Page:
St. Louis Cardinals: Better Angels of Nature


The St. Louis Cardinals were rocked with news on Wednesday of homophobic statements in the organization and the impact of these alleged statements on the walk-away decision of Tyler Dunnington.

Before diving into this editorial, I feel it is important to share a few disclosures.  In my dissertation these were referred to as delimitations, or those items I need to disclose as to what I am leaving out of the discussion.

For starters, the St. Louis Cardinals are my favorite sports organization but I will not allow this to cloud my view.  My personal opinion of homosexuality will also be placed aside.  This editorial will not be about either of these things.

To the facts, or what we know are facts, Tyler Dunnington, a 28th-round pick of the Cardinals in 2014, was quoted in an article posted by on March 16 stating that he walked away from baseball due to homophobic statements made by coaches and players.

In the article, Dunnington says he experienced years of anti-gay statements.  Dunnington left the Cardinals organization in 2014 and officially retired before the start of the 2015 spring training.

Upon the disbursement of this article, Twitter exploded.  In the course of this day, I heard and read the following statements:

“This is horrible.”

“How could this happen in the Cardinals organization?”

“I cannot believe this happened.”

And so on.  In fact, in an article of response published by the St. Louis Post-Dispatch, GM John Mozeliak stated that these events are, “very disappointing and our hope is that every player, staff member, and employee feels they are treated equally and fairly”. Furthermore, as is quoted in the article, Mozeliak states that the organization will take the allegations seriously and will deeply investigate.

“This is very disappointing and our hope is that every player, staff member, and employee feels they are treated equally and fairly.” GM John Mozeliak

Let me state unequivocally that it is a shame when anyone of any ilk feels uncomfortable and out of place regardless of his/her condition or personal choices.  Let me add that I find myself drawn directly to one statement that I heard over and over again today that resonates with me as the real crux of this issue: “I’m surprised this happened [here/now/in the Cardinals organization].”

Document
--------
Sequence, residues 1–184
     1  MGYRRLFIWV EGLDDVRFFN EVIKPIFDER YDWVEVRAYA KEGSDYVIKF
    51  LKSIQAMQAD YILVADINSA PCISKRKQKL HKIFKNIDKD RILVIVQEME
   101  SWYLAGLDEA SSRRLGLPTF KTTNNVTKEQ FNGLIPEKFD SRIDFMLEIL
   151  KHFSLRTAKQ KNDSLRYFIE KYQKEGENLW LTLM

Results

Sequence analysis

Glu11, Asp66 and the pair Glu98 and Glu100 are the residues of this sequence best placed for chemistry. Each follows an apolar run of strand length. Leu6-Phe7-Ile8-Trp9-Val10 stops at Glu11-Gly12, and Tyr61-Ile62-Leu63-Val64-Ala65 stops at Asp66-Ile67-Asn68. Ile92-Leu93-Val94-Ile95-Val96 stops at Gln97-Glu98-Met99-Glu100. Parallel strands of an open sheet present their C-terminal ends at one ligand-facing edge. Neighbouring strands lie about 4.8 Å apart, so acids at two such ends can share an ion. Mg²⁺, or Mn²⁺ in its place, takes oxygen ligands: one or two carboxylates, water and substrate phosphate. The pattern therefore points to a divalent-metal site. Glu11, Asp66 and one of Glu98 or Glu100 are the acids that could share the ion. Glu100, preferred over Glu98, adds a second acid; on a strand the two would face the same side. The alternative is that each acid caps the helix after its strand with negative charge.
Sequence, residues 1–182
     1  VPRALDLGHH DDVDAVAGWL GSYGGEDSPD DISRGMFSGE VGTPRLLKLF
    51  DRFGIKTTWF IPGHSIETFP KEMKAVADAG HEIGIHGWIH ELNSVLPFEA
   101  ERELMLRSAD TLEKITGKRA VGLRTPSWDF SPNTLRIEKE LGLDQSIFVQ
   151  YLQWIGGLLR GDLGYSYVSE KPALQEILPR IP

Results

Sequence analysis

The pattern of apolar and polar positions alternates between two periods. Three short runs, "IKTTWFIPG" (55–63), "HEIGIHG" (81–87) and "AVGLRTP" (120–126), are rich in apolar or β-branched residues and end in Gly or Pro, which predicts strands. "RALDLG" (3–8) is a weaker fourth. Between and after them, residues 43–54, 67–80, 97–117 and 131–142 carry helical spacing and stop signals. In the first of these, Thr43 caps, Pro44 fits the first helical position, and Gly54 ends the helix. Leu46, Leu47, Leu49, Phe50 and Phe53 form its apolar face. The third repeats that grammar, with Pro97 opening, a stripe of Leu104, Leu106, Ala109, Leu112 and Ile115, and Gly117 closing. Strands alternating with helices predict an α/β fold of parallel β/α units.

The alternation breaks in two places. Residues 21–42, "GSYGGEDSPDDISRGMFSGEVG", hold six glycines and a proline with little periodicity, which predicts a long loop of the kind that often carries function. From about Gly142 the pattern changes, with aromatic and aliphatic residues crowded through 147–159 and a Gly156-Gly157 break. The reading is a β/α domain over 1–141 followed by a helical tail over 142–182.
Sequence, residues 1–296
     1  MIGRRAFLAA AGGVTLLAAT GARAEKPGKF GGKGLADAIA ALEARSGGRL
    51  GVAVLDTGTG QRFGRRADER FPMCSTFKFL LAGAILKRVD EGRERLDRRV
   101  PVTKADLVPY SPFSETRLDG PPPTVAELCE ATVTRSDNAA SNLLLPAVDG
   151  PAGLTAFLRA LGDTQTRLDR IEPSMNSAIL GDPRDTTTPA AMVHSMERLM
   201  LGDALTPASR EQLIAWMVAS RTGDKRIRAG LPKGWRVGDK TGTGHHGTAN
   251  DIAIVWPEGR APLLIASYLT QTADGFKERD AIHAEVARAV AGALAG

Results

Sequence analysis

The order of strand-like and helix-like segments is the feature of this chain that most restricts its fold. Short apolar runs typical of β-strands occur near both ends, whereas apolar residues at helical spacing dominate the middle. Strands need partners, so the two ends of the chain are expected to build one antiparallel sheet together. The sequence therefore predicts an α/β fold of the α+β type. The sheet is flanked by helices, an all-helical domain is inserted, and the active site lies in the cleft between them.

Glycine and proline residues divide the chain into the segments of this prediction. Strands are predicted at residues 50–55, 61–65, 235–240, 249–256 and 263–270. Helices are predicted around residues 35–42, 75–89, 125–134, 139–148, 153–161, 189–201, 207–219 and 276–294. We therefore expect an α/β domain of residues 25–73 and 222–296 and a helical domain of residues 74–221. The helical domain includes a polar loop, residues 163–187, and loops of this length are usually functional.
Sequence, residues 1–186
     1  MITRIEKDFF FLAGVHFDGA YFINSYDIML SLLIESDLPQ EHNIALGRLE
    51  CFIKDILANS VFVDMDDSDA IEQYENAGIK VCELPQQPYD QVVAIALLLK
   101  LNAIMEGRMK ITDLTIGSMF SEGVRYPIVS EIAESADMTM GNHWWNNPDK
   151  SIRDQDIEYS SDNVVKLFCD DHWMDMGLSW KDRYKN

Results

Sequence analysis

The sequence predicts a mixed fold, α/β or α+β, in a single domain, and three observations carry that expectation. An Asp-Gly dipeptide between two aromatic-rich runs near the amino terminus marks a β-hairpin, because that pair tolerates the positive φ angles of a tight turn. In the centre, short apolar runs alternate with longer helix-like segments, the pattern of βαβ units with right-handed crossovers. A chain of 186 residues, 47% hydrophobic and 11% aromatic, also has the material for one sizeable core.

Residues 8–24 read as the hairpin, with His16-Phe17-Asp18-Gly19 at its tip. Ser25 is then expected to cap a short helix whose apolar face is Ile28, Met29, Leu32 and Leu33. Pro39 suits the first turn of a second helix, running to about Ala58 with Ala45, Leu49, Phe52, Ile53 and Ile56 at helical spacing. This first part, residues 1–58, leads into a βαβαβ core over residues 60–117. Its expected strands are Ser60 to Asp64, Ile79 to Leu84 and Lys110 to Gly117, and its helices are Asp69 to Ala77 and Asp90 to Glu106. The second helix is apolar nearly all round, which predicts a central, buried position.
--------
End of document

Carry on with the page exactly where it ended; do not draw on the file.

I am not surprised.  I am not surprised that players of differences are made to feel this way here, now, in baseball, or in the Cardinals organization.  I am not surprised that homosexual players are ostracized in baseball.  All we need to do is reference Michael Sam with the St. Louis Rams to see this activity in sports.  This is not an excuse but illustrates why I am not surprised.

I am not surprised not to admonish athletics but instead to illustrate a natural piece of humanity: the recognition of differences.  The struggle, however, that we are facing as a genus is our inability to recognize differences without categorizing or editorializing. Martin Luther King, Jr. preached on the utopia that one day would fall when people would notice a difference but react without judgment.

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This stands true here too.  I long for the day when humanity can disrobe the power of editorializing our differences.  I long for the day when we can put aside our personal feelings of right and wrong and instead recognize a difference as just that– a difference between two people.

For in that recognition, we will strip away all negative connotations and will instead exist as we truly are, with and without our differences.

So, no, I’m not surprised by this story.  No, I’m not surprised that coaches and players made statements that made this homosexual player (a difference) feel uncomfortable.  I won’t even entertain the question of whether coaches and teammates should be held to a higher level of expectation because- quite simply- we all should be held to a higher level of expectation.

Abraham Lincoln, when faced with a country divided by differences, stated, “We are not enemies, but friends. We must not be enemies. Though passion may have strained, it must not break our bonds of affection. The mystic chords of memory will swell when again touched, as surely they will be, by the better angels of our nature.”

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I pray that the better angels of our nature will one day ascend and we will be able to look at a person and say, I see your difference, I recognize your difference, but these differences have no bearing on how I treat you.